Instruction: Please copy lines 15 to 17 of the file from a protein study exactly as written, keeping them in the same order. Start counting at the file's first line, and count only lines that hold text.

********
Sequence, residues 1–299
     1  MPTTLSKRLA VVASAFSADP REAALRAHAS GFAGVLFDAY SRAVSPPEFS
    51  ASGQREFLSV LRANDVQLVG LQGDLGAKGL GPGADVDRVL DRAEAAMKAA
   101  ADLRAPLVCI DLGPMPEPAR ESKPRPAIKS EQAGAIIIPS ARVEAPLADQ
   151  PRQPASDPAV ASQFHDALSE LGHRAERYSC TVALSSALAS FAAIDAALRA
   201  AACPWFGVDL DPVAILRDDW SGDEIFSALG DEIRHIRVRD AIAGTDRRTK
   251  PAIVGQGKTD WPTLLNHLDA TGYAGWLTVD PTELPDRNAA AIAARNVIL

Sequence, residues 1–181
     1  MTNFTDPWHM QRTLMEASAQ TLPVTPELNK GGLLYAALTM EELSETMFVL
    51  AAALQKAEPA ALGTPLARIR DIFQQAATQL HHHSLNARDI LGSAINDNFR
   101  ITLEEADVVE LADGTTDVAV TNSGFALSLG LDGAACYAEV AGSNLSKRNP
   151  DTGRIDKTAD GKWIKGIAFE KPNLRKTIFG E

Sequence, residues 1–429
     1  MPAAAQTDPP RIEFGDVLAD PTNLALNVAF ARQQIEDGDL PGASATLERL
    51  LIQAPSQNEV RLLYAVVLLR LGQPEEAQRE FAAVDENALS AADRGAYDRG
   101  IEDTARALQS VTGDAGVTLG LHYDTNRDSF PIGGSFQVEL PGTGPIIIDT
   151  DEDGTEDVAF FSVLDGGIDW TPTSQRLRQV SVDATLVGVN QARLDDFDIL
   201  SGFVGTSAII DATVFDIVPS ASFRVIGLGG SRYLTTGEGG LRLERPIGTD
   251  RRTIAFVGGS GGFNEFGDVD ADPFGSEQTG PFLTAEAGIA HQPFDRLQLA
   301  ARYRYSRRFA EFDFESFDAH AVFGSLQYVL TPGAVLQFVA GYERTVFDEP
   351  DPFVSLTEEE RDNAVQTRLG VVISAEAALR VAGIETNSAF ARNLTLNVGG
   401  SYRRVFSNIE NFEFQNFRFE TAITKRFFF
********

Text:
    51  LIQAPSQNEV RLLYAVVLLR LGQPEEAQRE FAAVDENALS AADRGAYDRG
   101  IEDTARALQS VTGDAGVTLG LHYDTNRDSF PIGGSFQVEL PGTGPIIIDT
   151  DEDGTEDVAF FSVLDGGIDW TPTSQRLRQV SVDATLVGVN QARLDDFDIL